Community factors influencing child and adolescent depression: A systematic review and meta-analysis

Stirling, Katie, Toumbourou, John W. and Rowland, Bosco 2015, Community factors influencing child and adolescent depression: A systematic review and meta-analysis, Australian and New Zealand journal of psychiatry, vol. 49, no. 10, pp. 869-886, doi: 10.1177/0004867415603129.

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Title Community factors influencing child and adolescent depression: A systematic review and meta-analysis
Author(s) Stirling, Katie
Toumbourou, John W.ORCID iD for Toumbourou, John W.
Rowland, BoscoORCID iD for Rowland, Bosco
Journal name Australian and New Zealand journal of psychiatry
Volume number 49
Issue number 10
Start page 869
End page 886
Total pages 18
Publisher Sage Publications
Place of publication Abingdon, Eng.
Publication date 2015-10
ISSN 1440-1614
Keyword(s) Adolescence
community risk and protective factors
depressive symptoms
emotional disorders
intervention studies
systematic review
Science & Technology
Life Sciences & Biomedicine
Summary OBJECTIVE: Depression has been identified as a priority disorder among children and adolescents. While numerous reviews have examined the individual and family factors that contribute to child and adolescent depressive symptoms, less is known about community-level risk and protective factors. The aim of this study was to complete a systematic review to identify community risk and protective factors for depression in school-aged children (4-18 years). METHOD: The review adopted the procedures recommended by the Cochrane Non-Randomised Studies Methods Working Group and the Preferred Reporting Items for Systematic Reviews and Meta-Analyses (PRISMA) guidelines. A comprehensive literature search was conducted to identify both observational and intervention study designs in both peer-reviewed and non-peer reviewed publications. RESULTS: A total of 21 studies met the inclusion criteria. Seventeen of the 18 community association studies and 2 of the 3 intervention studies reported one or more significant effects. Results indicated that community safety and community minority ethnicity and discrimination act as risk factors for depressive symptoms in school-aged children. Community disadvantage failed to achieve significance in meta-analytic results but findings suggest that the role of disadvantage may be influenced by other factors. Community connectedness was also not directly associated with depressive symptoms. CONCLUSION: There is evidence that a number of potentially modifiable community-level risk and protective factors influence child and adolescent depressive symptoms suggesting the importance of continuing research and intervention efforts at the community-level.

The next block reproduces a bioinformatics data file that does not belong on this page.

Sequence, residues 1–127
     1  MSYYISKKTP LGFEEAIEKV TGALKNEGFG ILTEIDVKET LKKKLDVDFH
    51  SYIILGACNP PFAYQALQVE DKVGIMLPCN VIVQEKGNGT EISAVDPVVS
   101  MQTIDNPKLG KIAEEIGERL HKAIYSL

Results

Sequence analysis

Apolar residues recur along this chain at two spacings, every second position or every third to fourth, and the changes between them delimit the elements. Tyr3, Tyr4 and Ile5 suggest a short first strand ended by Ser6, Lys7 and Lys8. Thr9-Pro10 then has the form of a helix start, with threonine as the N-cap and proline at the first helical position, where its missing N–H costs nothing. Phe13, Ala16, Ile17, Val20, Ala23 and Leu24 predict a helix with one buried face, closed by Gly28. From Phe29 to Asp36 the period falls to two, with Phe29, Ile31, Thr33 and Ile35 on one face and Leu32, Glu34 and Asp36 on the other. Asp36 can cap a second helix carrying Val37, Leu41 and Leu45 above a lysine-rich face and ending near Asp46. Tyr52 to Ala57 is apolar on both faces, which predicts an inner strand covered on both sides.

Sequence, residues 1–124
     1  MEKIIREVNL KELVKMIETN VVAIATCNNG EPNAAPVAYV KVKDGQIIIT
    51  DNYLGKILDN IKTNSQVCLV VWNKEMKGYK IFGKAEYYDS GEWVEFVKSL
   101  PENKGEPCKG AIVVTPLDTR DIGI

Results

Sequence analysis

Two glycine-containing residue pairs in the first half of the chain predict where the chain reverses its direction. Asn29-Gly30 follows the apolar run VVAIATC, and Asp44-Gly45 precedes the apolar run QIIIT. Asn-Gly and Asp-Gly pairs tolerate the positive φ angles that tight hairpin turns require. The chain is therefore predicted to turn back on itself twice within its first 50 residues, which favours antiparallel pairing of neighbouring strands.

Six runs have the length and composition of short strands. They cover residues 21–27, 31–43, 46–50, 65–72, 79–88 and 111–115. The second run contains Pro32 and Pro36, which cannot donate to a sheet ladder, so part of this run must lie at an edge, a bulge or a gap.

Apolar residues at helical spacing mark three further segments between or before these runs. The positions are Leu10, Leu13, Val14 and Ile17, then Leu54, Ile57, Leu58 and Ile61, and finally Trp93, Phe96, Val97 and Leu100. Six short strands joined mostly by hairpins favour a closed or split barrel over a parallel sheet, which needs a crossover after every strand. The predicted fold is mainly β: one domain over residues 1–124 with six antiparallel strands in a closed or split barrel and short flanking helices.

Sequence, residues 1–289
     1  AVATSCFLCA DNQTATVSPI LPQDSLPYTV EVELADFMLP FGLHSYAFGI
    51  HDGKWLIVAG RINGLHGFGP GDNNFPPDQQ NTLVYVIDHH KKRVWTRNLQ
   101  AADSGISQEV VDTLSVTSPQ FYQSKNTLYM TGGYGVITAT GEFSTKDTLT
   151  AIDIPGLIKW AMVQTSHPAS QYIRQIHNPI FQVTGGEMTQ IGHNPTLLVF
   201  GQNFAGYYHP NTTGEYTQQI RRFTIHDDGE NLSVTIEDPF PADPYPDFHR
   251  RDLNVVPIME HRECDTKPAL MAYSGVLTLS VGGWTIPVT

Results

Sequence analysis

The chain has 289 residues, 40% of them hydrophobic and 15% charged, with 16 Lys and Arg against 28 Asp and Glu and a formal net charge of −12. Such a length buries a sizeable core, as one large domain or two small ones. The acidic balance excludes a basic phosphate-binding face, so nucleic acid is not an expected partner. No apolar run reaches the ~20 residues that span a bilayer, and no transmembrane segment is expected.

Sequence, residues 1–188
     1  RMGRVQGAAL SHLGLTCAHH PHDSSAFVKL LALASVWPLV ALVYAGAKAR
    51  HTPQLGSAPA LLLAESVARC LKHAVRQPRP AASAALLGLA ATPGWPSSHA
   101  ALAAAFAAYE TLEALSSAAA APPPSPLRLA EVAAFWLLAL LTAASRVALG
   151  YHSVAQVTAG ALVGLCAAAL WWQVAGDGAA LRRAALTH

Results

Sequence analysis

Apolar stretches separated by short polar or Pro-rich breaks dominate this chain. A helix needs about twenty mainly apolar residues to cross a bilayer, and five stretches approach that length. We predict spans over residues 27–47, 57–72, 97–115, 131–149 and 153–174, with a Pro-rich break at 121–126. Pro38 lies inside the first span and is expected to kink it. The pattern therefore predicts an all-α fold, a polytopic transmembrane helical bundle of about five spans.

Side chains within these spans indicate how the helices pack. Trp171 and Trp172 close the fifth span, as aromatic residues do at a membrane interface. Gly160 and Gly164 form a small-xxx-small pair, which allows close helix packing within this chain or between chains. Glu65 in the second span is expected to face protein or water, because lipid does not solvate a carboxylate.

Language eng
DOI 10.1177/0004867415603129
Field of Research 11 Medical And Health Sciences
170113 Social and Community Psychology
170106 Health, Clinical and Counselling Psychology
Socio Economic Objective 920501 Child Health
HERDC Research category C1 Refereed article in a scholarly journal
Copyright notice ©2015, Sage Publications
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School of Psychology
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